Three weeks ago I started learning Chinese. I am lucky enough to have a friend in Cremona who was born in Italy but has Chinese parents and speaks fluent Mandarin. She had just returned to Italy after a year in America, and so wanted to keep up her English to pass a TOEFL exam, with high hopes to study abroad in the USA or the UK in September 2014. We met up with for an aperitivo and agreed to meet a few times this summer and exchange languages. Those "a few times" turns into 3 or 4 times a week full on lessons.
I would meet at her flat and study Chinese from Italian for an hour. We would then put down the book and chat in English about everything and anything.
I have with me the Collins book Chinese Language and Culture. It is extremely interesting, informative, and gives a brief idea about the kind of problems one might encounter with Mandarin, namely: Pinyin vs Characters, the counting systems, tones. It also provides motivation, emphasising the "lack" of grammar in Mandarin and the ease of learning the often one or two syllable words. That said, there was definitely an obstacle: the pronunciation. Though the pronunciation guide is rich, and the method for learning tones is about as good as a written guide can get, I still think it is necessary to learn these things from a native speaker.
The tones are the main complaint of every Mandarin learner, be it from a beginner or advanced student. When said clearly and in order, it is pretty easy to notice the different, but being emphatic enough often poses a difficulty. I found copying my friend's pronunciation, reading and being corrected and moving my head at the same time as sounding the tone all useful. While it is quite straightforward picking out the 3rd tone, sometimes the other three can be very subtle and difficult to identify in full sentences.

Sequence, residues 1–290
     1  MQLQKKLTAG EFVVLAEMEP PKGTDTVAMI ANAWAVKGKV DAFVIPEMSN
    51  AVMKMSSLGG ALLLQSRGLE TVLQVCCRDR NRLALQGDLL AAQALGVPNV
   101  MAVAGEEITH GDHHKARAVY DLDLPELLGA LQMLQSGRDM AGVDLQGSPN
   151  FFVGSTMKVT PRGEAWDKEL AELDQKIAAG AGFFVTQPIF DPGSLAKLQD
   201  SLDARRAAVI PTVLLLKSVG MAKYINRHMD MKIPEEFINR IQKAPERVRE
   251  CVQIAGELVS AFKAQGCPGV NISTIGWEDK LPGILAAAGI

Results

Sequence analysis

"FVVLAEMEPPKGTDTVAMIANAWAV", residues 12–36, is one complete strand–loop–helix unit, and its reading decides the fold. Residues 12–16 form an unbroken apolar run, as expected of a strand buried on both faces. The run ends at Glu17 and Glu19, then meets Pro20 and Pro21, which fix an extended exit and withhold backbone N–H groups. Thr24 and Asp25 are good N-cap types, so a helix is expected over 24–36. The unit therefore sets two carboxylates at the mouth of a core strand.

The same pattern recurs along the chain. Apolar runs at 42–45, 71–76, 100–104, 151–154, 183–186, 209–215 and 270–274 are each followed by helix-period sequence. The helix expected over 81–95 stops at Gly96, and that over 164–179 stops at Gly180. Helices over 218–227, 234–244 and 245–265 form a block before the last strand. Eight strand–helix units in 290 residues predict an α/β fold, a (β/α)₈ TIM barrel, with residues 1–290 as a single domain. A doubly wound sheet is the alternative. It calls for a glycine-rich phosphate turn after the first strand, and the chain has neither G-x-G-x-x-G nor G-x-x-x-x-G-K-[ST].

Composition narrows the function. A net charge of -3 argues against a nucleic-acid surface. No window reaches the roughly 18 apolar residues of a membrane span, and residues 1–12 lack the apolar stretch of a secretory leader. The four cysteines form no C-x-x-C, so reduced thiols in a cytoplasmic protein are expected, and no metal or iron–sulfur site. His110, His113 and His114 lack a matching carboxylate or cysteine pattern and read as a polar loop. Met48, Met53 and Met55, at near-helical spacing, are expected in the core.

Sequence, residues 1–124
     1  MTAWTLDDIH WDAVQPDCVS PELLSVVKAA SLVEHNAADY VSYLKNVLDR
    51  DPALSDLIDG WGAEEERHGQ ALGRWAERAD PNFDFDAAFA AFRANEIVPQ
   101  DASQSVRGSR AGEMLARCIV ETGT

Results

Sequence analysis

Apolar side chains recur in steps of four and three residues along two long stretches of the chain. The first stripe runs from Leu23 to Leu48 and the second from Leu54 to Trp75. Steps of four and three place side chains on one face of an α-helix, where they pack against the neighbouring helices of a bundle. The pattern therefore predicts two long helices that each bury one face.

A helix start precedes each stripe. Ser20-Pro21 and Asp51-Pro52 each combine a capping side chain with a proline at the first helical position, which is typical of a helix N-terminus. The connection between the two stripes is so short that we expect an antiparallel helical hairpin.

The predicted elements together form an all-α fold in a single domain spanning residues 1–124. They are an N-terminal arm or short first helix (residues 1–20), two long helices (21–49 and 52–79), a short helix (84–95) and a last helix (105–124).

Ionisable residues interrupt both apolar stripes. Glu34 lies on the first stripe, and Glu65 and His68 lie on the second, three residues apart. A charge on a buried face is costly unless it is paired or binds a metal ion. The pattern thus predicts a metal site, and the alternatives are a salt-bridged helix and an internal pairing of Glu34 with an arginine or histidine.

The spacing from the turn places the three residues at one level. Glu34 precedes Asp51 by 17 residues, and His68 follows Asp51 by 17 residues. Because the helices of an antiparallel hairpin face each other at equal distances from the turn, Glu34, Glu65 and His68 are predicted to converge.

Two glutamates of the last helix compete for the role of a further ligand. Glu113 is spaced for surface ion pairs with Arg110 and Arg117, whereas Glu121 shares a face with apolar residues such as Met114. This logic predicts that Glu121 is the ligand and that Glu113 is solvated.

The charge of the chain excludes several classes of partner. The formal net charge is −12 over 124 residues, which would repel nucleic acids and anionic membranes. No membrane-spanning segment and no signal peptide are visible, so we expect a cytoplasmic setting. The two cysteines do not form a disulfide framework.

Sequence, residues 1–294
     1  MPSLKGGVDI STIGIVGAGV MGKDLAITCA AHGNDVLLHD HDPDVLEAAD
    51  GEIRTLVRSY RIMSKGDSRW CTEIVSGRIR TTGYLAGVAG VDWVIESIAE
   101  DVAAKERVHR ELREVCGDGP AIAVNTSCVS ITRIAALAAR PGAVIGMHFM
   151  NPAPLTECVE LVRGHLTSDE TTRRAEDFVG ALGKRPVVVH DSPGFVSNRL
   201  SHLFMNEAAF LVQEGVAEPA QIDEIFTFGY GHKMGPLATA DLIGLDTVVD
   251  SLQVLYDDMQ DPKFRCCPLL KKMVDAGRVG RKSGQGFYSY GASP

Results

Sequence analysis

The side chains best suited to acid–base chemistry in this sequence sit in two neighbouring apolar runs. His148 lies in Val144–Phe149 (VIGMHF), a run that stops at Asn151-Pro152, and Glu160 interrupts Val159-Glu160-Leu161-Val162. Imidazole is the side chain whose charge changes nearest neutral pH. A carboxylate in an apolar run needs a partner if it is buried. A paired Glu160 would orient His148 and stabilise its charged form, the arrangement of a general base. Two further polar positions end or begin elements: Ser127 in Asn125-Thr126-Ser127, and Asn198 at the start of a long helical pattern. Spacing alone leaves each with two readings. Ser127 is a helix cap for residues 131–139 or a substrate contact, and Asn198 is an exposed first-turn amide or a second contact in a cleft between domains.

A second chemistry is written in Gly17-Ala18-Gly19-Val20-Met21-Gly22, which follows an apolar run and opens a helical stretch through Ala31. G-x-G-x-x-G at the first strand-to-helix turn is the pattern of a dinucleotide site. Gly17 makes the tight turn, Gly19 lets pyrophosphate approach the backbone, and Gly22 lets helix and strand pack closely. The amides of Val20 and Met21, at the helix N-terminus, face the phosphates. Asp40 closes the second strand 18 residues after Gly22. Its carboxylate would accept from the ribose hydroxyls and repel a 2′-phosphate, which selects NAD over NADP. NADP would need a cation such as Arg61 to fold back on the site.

Things which I have learned in the past few weeks:
1. That Chinese is an SVO language and there is no inversion even for questions. So to make a question of "Nǐ hǎo", which literally means "you are good", you would retain the same order but add the question marker "ma". So "Nǐ hǎo ma?" means how are you?"
2. The numbers from one to ten With these you can count up to 99. 20 would be 2 10, 11 would be 10 1 and so on.
3. The Pinyin system. There are undoubtedly a few vowel combinations I am unsure of, but I have got the jist and feel I would be quite comfortable with reading a text in pinyin, though very slowly to ensure I get those tones right...
4. There are no conjugations like in romance languages. The past is demonstrated by adding an extra past marking after the verb, either le or guò, the former describes action which could still affect the present, the latter describing events which have finished, and/or could have been repeated in the past.
5. The main way of talking about the future is similar to the English way. "I will" previously meant I want: Wǒ yào qù Běijīng. It is loosely equivalent to the English "I am going to", showing intent.
6. The equivalent to the English "I will" is found more in Wǒ huì Zhōngguó", meaning "I will speak Chinese". This is more of a prediction about the future rather than an intent.
7. Many new words are formed through compounds. Many concepts are visualized in terms of the images which could be used to described them. "Zhōngguó rén", for example, translated as "Chinese person", literally means middle-country person. jīntiān, which means "today", is actually a combination of the words current/modern and day. The character for day, 天, also means heaven as has an important place in Taoism. Often by learning a small set of basic everyday characters, it becomes possible to create more complex meanings.
8. The counting system is a little scary. Though the cardinal and ordinal numbers are easy enough to remember (for ordinal numbers you just stick a "dì" before cardinal ones), there is an important classifier which must be put between the number and noun, depending on what type of noun it is. The most common is "gè".